As to the second point--the freedom to do what is wrong--maybe. Granted, I come from the Calvinist traditon and think a lot (but not all) talk on free-will is misleading. Maybe that kind of freedom is possible. I would still be cautious about reading too much Kantian libertarian freedom back into other discussions of it.
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"Your revolver in your hand, a prayer on your lips, your mind fixed on Maleldil. Then, if he stands, conjure him.” “What shall I say in the Great Tongue?” “Say that you come in the name of God and all angels and in the power of the planets...." (That Hideous Strength)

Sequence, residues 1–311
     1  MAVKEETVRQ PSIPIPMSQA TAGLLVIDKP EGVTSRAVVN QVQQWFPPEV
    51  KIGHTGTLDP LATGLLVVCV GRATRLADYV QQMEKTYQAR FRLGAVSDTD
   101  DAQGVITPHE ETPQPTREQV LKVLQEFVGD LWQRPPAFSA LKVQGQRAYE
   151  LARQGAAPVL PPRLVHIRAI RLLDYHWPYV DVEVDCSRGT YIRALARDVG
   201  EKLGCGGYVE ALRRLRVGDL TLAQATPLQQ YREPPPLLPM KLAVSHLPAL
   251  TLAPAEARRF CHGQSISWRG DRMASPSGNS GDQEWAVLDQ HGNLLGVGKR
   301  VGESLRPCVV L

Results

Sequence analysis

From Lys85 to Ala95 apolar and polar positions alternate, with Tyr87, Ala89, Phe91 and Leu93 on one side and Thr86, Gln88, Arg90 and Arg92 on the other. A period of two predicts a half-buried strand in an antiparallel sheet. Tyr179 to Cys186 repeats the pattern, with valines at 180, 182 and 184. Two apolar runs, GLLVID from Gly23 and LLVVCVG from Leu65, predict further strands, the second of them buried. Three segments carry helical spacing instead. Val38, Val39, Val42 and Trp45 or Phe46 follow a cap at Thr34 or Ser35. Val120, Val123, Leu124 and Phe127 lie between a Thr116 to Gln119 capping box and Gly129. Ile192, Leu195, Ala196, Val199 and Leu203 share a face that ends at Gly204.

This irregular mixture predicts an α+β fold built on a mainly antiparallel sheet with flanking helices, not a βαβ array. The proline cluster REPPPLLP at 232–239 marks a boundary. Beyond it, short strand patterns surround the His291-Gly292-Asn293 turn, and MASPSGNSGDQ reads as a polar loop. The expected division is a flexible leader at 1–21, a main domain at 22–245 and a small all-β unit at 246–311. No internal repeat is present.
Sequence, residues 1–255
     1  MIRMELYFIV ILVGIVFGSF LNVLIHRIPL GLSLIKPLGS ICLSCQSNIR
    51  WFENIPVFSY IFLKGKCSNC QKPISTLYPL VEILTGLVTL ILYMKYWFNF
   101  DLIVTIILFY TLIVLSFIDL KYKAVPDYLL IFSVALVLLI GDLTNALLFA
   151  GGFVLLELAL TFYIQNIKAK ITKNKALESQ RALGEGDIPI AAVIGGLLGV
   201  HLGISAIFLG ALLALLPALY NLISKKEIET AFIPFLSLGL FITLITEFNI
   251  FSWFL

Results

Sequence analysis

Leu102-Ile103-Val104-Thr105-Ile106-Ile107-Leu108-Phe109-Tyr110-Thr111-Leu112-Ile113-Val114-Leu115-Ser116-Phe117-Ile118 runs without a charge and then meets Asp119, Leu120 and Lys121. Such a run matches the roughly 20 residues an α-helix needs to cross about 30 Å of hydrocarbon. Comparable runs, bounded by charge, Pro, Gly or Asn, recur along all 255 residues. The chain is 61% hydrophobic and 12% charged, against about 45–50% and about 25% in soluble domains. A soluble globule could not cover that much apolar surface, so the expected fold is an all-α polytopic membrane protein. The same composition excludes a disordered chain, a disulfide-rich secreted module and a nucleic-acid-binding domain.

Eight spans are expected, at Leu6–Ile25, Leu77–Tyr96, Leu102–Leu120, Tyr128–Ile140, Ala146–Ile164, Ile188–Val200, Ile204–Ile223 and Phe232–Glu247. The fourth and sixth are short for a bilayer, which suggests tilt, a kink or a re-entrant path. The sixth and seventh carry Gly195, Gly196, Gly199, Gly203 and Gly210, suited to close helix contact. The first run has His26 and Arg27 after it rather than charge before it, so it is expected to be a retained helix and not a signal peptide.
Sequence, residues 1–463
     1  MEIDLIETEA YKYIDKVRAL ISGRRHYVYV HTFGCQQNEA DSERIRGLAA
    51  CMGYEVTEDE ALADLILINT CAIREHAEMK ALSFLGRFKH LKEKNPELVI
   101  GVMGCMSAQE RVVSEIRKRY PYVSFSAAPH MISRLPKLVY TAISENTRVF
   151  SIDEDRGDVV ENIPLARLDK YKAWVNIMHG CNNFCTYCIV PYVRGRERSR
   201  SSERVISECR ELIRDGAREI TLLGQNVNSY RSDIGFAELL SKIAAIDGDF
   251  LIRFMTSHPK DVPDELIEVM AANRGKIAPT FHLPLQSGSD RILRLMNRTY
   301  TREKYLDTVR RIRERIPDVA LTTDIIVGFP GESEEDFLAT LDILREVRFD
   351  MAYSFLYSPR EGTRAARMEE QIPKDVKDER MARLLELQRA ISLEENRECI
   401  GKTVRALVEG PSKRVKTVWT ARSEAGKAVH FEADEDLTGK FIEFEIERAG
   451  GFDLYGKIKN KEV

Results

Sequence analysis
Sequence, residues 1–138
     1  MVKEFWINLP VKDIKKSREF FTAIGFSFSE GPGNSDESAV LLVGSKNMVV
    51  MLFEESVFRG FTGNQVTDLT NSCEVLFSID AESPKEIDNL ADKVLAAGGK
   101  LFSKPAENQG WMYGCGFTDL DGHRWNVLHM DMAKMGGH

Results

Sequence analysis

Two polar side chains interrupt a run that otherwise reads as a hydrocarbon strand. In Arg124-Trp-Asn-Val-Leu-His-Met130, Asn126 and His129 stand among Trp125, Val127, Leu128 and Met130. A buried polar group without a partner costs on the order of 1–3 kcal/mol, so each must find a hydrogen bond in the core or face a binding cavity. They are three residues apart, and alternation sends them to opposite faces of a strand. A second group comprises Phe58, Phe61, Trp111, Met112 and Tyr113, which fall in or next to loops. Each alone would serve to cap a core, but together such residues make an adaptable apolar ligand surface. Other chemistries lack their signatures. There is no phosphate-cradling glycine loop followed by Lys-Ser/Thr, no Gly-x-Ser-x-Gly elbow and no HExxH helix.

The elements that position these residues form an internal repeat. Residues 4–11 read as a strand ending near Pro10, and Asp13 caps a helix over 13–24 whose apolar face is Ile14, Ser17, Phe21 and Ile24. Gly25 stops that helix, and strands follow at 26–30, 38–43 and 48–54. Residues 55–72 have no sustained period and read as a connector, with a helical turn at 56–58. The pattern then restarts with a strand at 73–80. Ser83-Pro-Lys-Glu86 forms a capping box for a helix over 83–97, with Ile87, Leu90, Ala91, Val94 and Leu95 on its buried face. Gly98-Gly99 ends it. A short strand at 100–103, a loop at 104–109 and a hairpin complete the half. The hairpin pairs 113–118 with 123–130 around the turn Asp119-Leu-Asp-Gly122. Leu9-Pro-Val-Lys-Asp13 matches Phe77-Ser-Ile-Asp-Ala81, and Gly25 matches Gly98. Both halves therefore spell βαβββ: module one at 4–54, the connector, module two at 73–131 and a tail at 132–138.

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Re: Freedom

Postby deadwhitemale » 12 Jun 2009, 05:05

"Freedom isn't an external set of conditions, but an internal quality of spirit."

I am probably not the best person to articulate the opposing viewpoint here, but I just could not disagree more. There was some quote about this attributed to Dietrich Bonhoeffer I discovered in the spring of 1995, but I can't recall it verbatim, or find it online. It went something like "Freedom exists not in the thought but in the act [or "the action"].

I'll quote myself instead: "Free your [hindquarters] and your mind will follow -- maybe." I said this in opposition to the common saying, "Free your mind, and [those quarters on which you sit] will follow.